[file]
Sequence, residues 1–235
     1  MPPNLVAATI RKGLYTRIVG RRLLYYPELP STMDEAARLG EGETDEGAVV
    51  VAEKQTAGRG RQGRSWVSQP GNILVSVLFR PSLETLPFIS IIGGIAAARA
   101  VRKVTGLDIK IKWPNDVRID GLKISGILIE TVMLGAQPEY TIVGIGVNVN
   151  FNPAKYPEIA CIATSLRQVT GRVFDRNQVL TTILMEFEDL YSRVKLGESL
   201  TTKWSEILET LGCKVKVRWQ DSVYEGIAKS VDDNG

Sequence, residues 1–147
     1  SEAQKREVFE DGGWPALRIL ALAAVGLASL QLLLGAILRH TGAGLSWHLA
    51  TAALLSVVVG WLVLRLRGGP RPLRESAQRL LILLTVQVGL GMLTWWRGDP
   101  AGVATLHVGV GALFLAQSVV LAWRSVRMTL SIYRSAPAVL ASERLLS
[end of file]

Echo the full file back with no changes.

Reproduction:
Sequence, residues 1–235
     1  MPPNLVAATI RKGLYTRIVG RRLLYYPELP STMDEAARLG EGETDEGAVV
    51  VAEKQTAGRG RQGRSWVSQP GNILVSVLFR PSLETLPFIS IIGGIAAARA
   101  VRKVTGLDIK IKWPNDVRID GLKISGILIE TVMLGAQPEY TIVGIGVNVN
   151  FNPAKYPEIA CIATSLRQVT GRVFDRNQVL TTILMEFEDL YSRVKLGESL
   201  TTKWSEILET LGCKVKVRWQ DSVYEGIAKS VDDNG

Sequence, residues 1–147
     1  SEAQKREVFE DGGWPALRIL ALAAVGLASL QLLLGAILRH TGAGLSWHLA
    51  TAALLSVVVG WLVLRLRGGP RPLRESAQRL LILLTVQVGL GMLTWWRGDP
   101  AGVATLHVGV GALFLAQSVV LAWRSVRMTL SIYRSAPAVL ASERLLS